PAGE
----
Saturday, April 21, 2007
I am proud to tell you that two more of my poems were recently published in Word Riot. You can see them here. Here is one of the poems:
All my life
I've never known
Stiff and worn
In rereading the poem, I wonder what I was thinking when I wrote it. Why would I write that I've never known the burden of a mind that worries? I worry all the time! When I was little, my parents used to call me the "Worried Walrus," a nickname taken from a Sweet Pickles book (a children's book series, now out of print). In the book, Worried Walrus is so concerned about the future and what might happen, that he misses out on the gift of the present.
Our minds naturally drift towards the future and the possibilities, both good and bad that might happen. There is definitely purpose in this, and still it is essential to bring our minds back and be mindful of the present. When we can completely participate in the present, we can fully enjoy what life has to offer. It seems simple enough, right? Not quite. It is a lot to ask of ourselves- to go from being in our heads to completely participating in the moment. Right now, I am working on just noticing when I am worrying or spending time in my thoughts and not in the situation. Eventually, the noticing will naturally evolve into participation in the now.
I invite you to think about the burden of worry in your mind and if you would like to change it. What steps can you take? And most of all... what is waiting for you in the present?
Saturday, April 14, 2007
In my poetry class this week, we had two poets talk with us about their processes. One poet spoke about how she is a perfectionist and has to feel completely satisfied with a line before she can move on to the next. The other poet shared about how he just keeps writing and revises later.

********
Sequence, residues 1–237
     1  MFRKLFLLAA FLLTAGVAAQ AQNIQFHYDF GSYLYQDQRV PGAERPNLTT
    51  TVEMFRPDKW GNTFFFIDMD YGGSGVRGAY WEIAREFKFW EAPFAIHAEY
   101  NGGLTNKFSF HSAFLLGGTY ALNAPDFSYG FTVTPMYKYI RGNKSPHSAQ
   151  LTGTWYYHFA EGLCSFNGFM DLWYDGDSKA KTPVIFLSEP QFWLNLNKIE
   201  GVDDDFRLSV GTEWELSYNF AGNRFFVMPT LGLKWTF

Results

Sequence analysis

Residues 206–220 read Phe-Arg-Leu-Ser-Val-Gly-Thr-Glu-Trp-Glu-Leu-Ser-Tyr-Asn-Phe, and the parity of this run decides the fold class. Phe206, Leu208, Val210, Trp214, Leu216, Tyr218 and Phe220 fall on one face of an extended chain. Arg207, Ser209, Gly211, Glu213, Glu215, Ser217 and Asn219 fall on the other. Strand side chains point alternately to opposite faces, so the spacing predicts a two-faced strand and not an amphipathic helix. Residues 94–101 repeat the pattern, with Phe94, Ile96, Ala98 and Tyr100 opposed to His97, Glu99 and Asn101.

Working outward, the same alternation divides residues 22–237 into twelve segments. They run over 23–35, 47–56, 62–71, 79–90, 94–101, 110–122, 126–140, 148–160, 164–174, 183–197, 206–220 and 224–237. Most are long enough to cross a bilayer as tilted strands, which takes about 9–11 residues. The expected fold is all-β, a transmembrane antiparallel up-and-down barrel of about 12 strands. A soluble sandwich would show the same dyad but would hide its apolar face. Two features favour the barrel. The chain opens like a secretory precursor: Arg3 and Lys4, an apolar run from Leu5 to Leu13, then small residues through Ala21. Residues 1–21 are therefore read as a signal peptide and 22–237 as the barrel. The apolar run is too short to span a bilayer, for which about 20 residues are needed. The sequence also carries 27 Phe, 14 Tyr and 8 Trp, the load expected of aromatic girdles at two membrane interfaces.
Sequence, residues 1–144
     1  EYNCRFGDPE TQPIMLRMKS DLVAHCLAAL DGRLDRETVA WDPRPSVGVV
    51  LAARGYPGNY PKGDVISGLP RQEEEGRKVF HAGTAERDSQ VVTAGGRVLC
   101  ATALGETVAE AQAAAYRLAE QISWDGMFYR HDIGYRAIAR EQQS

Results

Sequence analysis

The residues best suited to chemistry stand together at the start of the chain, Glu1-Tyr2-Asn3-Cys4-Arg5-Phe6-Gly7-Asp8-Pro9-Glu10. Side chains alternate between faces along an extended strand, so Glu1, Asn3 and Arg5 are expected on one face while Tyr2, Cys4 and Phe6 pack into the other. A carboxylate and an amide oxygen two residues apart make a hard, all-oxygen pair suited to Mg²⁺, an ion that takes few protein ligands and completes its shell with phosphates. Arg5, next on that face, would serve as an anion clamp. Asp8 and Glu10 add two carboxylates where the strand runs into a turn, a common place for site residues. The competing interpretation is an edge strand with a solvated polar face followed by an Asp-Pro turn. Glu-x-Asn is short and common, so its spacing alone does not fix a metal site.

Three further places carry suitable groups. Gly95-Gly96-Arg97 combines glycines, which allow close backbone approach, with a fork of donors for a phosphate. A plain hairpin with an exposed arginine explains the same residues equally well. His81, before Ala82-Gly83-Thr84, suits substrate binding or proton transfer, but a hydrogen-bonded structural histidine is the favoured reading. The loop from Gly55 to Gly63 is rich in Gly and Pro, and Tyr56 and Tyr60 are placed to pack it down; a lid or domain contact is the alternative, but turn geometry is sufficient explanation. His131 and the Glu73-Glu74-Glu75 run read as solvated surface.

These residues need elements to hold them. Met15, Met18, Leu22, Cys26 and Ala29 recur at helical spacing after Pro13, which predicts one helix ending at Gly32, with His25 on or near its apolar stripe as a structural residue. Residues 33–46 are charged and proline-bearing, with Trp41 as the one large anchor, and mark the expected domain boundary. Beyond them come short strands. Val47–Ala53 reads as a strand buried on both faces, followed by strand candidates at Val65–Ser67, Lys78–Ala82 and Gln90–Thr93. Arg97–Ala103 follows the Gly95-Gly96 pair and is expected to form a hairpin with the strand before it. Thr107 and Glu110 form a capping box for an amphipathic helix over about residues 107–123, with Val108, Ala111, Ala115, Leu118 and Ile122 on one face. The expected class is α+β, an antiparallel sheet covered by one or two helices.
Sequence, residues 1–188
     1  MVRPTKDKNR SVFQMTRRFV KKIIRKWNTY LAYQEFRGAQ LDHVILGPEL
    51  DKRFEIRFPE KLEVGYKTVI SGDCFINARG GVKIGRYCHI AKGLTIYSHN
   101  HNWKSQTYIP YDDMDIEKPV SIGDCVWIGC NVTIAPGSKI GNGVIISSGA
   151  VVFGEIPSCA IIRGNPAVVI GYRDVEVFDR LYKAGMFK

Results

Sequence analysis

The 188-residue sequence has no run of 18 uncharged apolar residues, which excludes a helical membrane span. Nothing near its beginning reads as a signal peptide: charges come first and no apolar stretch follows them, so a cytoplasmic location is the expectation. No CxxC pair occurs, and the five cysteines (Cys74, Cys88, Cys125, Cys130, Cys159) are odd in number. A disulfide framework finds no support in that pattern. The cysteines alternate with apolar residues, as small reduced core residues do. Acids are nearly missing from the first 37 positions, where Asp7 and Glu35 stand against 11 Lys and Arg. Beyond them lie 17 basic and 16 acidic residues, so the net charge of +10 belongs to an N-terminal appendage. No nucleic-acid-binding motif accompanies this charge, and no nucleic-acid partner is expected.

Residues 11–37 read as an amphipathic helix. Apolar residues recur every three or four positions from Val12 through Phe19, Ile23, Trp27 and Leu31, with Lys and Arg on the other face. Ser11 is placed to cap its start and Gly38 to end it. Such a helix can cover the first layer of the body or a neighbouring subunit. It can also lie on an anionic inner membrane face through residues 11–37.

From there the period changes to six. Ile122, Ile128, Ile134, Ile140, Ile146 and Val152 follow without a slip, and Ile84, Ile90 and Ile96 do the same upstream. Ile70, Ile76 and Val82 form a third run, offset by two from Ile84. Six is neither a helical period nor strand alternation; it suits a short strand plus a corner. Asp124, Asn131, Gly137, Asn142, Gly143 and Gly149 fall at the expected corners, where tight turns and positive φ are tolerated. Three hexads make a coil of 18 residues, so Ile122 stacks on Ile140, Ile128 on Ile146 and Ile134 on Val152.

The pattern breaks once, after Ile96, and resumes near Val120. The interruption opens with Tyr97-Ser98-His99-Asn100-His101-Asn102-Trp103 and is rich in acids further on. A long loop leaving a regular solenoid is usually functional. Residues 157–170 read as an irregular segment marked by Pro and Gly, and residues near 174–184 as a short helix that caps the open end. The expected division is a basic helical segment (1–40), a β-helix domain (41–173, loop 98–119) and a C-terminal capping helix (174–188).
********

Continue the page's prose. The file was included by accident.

Lately, I have been feeling stuck. My words aren't flowing like they have in the past. It is not for lack of inspiration or creativity. In the moment of interaction between the pen and paper, my self-judgment and self-criticism swoop in with a vengeance and paralyze me.
One method I have been using to deal with this problem is to start writing and let the words take control. So, here is me, letting go, spilling words and not being afraid to fail on the page:
Crazy wild words riding bareback on brown horses through meadows soft with pansies fit to do nothing but look flimsy and act flimsier in no contention and fight against the raging wind in a gust of gusto and anger against the night sky. Oh, the fights they have. The dreams they devour. They eat each other's guts with the pleasure of fine guests at the most desirous of restaurants, sitting politely at tables set for twenty using freshly pressed napkins to wipe slobbery spit from their drooling mouths.
Friday, April 06, 2007
Sometimes it's hard to admit or to say out loud that we are special or have wonderful qualities. Maybe it is just that we are humble or that in our society we are taught not to shout our amazing attributes from the rooftops. For some reason, it seems much more common to hear people putting themselves down than singing their own praises.
In a way, just knowing our special qualities is enough. It is almost like having magical superpowers. We have secrets that no one else knows, until we choose to share them. In that way, we are in control of whom we share with and how much we choose to reveal. These beautiful aspects are yours to cherish and hold close.
What are your amazing qualities? Do you acknowledge your spectacular characteristics? Do you reveal them often? Of course, it is up to you, who you choose to share with, but remember, it would be our privilege to be present when you do.